Author : Benjamin Alire Sáenz
Publication date : February 21st 2012
Publisher : Simon & Schuster Books
Genre : YA Contemporary
Synopsis : Aristotle is an angry teen with a brother in prison. Dante is a know-it-all who has an unusual way of looking at the world. When the two meet at the swimming pool, they seem to have nothing in common. But as the loners start spending time together, they discover that they share a special friendship—the kind that changes lives and lasts a lifetime. And it is through this friendship that Ari and Dante will learn the most important truths about themselves and the kind of people they want to be. (From Goodreads)
“Another secret of the universe: Sometimes pain was like a storm that came out of nowhere. The clearest summer morning could end in a downpour. Could end in lightning and thunder.”
I picked this book up expecting a cutesy romance and that’s not what I got. Instead I got a story about family, friendship and wounds that not even time can heal, and I liked it.
This is the story of Aristotle Mendoza, a sad troubled loner who’s trying to figure out what’s “wrong” with him and why he felt the way he felt, never happy, always looking for something more. That’s when he meets Dante Quintana, who’s his opposite, he is an optimistic kid with a peculiar view on life and the world, and they become bestfriends. And that relationship begins to change him. For the better that is.
I fell in love with the family aspect of it which is huge. I’ll forever be grateful to Sáenz for making it such an important part, because YA novels are really REALLY lacking it and it is sad. My favorite characters are actually the parents, both sets, with their qualities, their flaws, their heartaches and their joys. I loved how caring and involved in their sons’ lives they were, it felt real, it WAS real. Unlike in most YA, they set rules, boundaries, they got mad and grounded them. They knew when to intervene and when to give them space, but not too much though.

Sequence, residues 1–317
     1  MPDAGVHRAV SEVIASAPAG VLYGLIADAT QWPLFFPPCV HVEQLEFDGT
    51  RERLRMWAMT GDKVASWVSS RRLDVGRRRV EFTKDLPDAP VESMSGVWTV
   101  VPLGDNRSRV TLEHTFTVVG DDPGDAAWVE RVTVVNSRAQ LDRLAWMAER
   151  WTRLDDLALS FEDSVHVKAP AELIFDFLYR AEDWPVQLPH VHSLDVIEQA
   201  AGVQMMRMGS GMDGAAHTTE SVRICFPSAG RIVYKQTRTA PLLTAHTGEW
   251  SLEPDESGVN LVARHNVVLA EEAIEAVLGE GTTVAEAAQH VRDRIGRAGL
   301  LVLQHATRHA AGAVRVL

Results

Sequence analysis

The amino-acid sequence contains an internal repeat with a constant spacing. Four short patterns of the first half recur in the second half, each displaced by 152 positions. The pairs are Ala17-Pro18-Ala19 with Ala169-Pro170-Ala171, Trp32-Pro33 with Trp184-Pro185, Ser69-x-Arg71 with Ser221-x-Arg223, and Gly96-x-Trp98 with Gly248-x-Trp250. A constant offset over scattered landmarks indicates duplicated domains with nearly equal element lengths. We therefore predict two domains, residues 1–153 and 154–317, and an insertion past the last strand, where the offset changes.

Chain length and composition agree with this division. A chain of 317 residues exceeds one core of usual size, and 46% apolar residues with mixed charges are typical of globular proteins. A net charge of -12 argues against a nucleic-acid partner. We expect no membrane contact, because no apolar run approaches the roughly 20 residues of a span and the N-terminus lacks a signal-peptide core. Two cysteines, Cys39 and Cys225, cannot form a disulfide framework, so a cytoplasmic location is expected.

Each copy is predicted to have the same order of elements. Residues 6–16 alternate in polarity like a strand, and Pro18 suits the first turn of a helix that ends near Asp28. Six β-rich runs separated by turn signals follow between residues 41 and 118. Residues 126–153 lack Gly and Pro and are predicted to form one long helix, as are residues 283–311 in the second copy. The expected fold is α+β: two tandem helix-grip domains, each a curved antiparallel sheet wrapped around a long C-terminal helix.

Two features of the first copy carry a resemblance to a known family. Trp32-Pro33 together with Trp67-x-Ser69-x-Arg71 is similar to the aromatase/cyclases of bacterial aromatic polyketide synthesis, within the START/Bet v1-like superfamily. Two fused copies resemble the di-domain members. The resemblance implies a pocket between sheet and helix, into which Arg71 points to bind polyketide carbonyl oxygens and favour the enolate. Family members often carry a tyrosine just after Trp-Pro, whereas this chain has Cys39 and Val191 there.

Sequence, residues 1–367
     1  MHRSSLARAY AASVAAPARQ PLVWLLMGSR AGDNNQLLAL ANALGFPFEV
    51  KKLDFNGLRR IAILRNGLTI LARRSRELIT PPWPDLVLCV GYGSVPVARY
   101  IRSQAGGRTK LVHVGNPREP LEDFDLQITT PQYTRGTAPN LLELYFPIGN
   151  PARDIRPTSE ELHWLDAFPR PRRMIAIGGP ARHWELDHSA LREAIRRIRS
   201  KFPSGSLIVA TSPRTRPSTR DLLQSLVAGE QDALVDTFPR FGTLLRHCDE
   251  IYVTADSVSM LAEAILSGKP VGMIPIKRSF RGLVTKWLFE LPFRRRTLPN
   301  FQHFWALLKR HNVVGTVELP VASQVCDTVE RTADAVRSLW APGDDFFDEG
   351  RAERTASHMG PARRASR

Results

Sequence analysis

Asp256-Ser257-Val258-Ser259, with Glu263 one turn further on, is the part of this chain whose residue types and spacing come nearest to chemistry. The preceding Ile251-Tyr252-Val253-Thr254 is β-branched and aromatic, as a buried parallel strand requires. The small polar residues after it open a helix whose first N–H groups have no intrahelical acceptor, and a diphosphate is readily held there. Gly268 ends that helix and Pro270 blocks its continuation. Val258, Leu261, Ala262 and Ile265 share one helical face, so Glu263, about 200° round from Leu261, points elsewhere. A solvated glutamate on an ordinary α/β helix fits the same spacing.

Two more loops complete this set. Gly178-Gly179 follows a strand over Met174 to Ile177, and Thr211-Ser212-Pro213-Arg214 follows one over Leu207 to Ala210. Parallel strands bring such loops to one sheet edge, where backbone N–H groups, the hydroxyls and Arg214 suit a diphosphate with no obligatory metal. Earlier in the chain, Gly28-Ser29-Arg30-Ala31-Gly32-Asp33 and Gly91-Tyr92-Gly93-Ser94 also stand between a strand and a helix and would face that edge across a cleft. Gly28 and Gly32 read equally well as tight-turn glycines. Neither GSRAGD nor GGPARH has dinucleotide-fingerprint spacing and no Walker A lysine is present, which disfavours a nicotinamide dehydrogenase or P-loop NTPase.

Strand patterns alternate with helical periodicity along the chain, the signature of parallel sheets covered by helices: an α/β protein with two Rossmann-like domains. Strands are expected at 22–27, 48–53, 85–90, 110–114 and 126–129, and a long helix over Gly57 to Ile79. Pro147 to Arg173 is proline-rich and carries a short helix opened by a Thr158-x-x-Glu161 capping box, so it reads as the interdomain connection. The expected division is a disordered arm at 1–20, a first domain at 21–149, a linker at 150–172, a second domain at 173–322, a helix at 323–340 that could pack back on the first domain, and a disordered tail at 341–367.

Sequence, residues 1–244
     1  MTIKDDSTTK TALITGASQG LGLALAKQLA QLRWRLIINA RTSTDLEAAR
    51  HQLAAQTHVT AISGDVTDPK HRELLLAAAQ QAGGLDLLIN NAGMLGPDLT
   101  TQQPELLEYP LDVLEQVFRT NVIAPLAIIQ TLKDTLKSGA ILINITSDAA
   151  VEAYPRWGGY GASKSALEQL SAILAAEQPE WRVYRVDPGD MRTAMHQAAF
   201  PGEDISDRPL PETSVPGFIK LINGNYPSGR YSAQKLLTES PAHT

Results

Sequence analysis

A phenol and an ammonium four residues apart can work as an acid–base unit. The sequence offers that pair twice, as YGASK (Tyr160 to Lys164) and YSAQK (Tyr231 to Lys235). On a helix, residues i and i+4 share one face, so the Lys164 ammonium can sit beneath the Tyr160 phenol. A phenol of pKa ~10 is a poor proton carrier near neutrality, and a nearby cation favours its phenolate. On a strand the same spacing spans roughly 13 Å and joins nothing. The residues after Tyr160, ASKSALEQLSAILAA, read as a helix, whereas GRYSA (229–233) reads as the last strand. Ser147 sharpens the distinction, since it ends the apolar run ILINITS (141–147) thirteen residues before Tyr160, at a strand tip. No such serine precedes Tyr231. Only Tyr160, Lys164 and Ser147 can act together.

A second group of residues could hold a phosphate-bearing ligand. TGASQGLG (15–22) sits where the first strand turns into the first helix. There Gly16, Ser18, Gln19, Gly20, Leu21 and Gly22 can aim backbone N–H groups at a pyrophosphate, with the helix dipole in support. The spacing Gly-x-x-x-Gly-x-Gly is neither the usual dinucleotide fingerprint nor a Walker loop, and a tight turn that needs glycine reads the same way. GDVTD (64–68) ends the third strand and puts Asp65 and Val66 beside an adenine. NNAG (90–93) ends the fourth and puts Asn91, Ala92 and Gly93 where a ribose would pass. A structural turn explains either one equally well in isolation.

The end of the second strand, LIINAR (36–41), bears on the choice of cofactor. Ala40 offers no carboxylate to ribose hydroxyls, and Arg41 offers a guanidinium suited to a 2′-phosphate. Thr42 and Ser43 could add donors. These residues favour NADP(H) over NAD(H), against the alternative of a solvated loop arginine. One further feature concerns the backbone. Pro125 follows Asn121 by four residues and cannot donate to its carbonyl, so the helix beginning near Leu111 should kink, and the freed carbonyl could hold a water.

Now, Aristotle. He annoyed the hell out of me. I know that he was trying to figure himself out. Been there, done that. Maybe not in the same way, but we’ve all, at some point, questioned everything that previously made sens in our lives. It’s just that he overanalyzed everything, even the meaningless things that he shouldn’t waste time on, I just wanted to scream “STOP MOANING AND MOVE YOUR BUTT!”. Too much self-hate. Too much self-pity. That was for 90% of the book , but by the end, I really liked the person he became. They way he made peace with the idea that his family wasn’t perfect and he came to truly love them inspite of everything. Dante, I sadly didn’t care much for (I’m sorry okay? Don’t kill me, please?) I didn’t hate him but I didn’t love him either, the thing that I enjoyed about him is that he felt good about who he was, he didn’t quite know who he was yet but he was okay with it. Weirdly enough, I LOVED their relationship, it was so cute and innocent, and most of all RAW. I don’t know how to explain it but it felt honest, the way that sometimes Ari hated (so to speak) Dante for no apparent reason was just normal.
The writing was poetic at times and I really loved that about it but the dialogue didn’t feel natural to me at some points, especially between Ari and Dante. The way they said each other’s names at the end of most of the sentences just felt weird to me.
Over all, it was very enjoyable and quick to read, I was able to finish it in 2 sittings. This novel is about a boy’s journey into manhood, finding out, among other things, his history, his sexualty, his likes and dislikes … Himself, to keep it short.
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That’s it until next time.
Did you read Aristotle and Dante discover the Secret of the Universe ? If so, what did you think of it?
Hope you enjoyed, write to you soon.
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